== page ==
Appalachian Basin

Natural Gas Witch Hunt

Bob Tiberio does a playful Halloween analysis of the natural gas opposition.  He articulately explains what’s behind so much of the anti-natural gas movement – plain old scare-mongering.  It’s been with us a long time!  

Trick or treat?  Natural gas supporters in New York’s Southern Tier have waited years to see Halloween bags in their communities overflow with all the good things natural gas development brings – jobs, income, tax relief, new businesses and hope.  But, beware of the screams and wails from those desperate to believe the natural gas industry is evil.  As the SGEIS review creeps slowly forward, activists dress up their various agendas as “health concerns” and try every trick in the book to incite a natural gas witch hunt.

From medieval Europe to colonial New England, witchcraft was believed to explain misfortunes such as pestilence and plagues.  A “witch” could be convicted on literally nothing. The poor accused soul needed to somehow prove she was not a witch.  Intense public feelings known as “moral panic” induced belief in her guilt.  In several notorious cases of mass hysteria, witches were put to death for causing illness, storms and crop failures.

Today, natural gas is often accused of the same sort of afflictions, in the same irrational way, with the same lack of credible evidence.  Alarmists hysterically claim gas companies are responsible for almost any strange or undesirable phenomenon.  In one infamous parlor trick they set tap water on fire – something possible naturally in many methane rich areas with no gas development.  Burn the witch anyway!

In the middle ages, women were often suspected of witchcraft simply because they lived in the same town as some affliction.  More recently, gas development has been accused of causing asthma and cancer merely because all may occur in the same area.  One notoriously irresponsible filmmaker asserted the occurrence of breast cancer in the Dallas/Fort Worth vicinity had increased because of shale gas development.  But the Texas Cancer Registry and the Susan G. Komen Foundation confirm his claim is false.  In fact, health indicators in Denton County actually improved.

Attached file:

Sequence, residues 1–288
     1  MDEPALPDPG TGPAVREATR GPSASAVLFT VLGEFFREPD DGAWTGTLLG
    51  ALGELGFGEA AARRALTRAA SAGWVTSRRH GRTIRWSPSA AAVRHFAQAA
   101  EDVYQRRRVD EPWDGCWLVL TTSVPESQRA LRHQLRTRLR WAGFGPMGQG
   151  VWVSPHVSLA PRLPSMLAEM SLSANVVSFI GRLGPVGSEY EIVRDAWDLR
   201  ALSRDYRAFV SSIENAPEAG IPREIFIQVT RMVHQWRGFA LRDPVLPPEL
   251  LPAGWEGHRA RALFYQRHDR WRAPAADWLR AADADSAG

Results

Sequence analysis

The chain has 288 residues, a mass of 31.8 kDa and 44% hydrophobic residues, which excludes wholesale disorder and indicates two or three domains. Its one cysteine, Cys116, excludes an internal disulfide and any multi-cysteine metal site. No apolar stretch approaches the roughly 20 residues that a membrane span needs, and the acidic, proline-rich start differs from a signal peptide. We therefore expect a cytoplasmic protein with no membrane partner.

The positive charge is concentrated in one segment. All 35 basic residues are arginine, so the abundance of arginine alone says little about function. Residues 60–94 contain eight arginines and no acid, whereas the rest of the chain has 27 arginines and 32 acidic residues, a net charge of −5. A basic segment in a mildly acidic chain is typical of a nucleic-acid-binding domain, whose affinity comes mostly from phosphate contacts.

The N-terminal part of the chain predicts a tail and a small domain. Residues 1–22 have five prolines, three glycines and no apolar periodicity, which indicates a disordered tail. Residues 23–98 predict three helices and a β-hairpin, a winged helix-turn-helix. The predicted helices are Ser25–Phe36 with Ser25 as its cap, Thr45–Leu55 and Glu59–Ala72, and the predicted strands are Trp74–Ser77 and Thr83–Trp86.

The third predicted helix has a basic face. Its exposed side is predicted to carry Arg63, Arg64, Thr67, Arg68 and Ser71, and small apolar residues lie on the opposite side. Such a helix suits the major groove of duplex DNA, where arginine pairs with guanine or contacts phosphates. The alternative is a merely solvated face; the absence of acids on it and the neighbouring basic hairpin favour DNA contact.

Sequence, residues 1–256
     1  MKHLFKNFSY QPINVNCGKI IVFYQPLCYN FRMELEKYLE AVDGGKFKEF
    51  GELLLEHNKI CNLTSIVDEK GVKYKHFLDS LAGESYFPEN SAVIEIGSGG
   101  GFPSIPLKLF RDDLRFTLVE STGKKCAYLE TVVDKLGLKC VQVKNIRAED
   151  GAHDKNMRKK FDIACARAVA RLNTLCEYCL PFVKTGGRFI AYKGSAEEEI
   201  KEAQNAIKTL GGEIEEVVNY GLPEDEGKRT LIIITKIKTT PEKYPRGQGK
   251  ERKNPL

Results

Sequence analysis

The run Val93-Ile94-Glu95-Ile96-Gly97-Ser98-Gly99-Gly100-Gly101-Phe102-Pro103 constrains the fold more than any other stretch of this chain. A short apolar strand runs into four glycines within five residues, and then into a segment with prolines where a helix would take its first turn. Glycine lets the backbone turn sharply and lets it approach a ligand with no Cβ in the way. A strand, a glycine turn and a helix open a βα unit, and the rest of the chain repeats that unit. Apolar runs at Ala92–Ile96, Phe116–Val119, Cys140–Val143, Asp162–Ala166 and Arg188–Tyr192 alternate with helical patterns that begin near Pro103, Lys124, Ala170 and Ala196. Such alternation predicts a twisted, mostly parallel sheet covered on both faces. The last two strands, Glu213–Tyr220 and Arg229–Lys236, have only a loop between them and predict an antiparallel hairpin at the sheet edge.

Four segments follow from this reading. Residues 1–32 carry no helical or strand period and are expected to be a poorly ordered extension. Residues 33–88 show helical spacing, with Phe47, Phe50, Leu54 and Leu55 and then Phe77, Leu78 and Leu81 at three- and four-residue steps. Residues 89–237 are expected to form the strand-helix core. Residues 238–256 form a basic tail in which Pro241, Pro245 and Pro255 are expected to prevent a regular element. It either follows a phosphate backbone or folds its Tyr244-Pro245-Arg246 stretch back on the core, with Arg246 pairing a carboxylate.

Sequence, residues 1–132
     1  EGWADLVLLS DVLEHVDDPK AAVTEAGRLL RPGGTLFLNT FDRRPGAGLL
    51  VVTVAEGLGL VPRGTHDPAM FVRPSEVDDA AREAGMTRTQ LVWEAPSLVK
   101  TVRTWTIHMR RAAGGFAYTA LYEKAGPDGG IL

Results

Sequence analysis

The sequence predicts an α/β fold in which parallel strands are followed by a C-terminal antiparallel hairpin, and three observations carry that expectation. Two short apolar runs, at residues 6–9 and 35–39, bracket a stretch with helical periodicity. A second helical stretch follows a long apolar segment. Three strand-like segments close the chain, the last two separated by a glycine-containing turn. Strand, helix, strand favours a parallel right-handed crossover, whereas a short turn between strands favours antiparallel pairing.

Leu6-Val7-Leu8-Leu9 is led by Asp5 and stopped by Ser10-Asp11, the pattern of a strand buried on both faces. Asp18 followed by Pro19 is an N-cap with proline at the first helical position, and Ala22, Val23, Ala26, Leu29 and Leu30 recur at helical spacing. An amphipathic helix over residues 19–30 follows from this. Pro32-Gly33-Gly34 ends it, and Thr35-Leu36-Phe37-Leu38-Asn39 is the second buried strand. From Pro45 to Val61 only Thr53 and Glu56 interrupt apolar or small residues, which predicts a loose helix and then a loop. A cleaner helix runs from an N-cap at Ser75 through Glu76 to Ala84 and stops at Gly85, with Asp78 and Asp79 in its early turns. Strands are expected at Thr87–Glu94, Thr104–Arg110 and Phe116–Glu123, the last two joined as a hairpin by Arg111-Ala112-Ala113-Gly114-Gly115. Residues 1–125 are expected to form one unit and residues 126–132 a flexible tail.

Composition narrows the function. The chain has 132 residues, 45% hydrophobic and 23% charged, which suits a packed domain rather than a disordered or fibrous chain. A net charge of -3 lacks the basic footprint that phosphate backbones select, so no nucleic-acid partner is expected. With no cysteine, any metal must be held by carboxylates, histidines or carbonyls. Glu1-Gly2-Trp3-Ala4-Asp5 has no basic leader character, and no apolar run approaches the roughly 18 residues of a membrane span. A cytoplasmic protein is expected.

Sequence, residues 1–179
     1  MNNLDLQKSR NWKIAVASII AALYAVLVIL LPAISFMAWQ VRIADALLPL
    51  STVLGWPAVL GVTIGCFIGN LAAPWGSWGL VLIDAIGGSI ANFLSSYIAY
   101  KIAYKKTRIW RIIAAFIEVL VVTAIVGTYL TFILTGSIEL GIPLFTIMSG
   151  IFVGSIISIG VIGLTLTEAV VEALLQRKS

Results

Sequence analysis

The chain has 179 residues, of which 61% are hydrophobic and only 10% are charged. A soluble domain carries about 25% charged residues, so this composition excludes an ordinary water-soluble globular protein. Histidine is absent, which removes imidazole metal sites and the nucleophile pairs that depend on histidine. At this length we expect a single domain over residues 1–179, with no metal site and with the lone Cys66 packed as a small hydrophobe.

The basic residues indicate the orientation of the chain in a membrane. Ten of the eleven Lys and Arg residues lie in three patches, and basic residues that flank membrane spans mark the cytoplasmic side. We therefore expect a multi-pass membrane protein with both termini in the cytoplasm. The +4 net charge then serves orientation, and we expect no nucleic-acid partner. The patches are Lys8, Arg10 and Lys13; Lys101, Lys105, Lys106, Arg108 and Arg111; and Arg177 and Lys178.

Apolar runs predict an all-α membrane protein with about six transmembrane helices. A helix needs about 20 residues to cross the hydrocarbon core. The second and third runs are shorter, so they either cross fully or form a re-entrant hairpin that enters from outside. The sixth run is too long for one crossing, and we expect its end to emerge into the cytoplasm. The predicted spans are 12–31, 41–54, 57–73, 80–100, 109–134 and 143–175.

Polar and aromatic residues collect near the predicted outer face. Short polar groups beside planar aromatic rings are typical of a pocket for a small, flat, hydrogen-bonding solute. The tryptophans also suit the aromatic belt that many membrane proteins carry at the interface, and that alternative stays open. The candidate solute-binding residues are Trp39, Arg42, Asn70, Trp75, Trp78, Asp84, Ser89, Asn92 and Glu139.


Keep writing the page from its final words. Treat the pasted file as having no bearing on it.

At witch trials, women were sometimes confronted with “spectral evidence” – testimony from victims claiming to have seen the “shape” of the accused witch nearby.  In an eerie similarly, infrared images of gas development sites were said to reveal plumes of natural gas escaping into the air.  Later, these “shapes” were identified by experts as consisting of water vapor and CO2.

Howarth Misinterpreting FLIR Camera Results

Cornell University’s Bob Howarth misusing FLIR camera images in a failed attempt to convict natural gas industry of witchcraft

Abraham Lincoln, who confronted a real evil once said, “you can’t fool all of the people all of the time.”  That’s why other Marcellus states don’t shun gas development.  Officials there know the undisguised truth – there’s nothing to fear!  Even with thousands of wells now producing shale gas, there’s virtually no confirmed evidence of contamination.  There’s nothing scary under the bed or the bedrock either.  It’s not supernatural gas.  What you see is what you get – enormous benefit with little risk.

Unfortunately, there are places in the world where ignorance and superstition still reign, and where witch hunts still occur.  Let’s hope New York isn’t one of them.  This Halloween don’t be tricked into hunting for witches and apparitions.  Treat yourself to the solid scientific facts about responsible natural gas development.

1 Comment

Post A Comment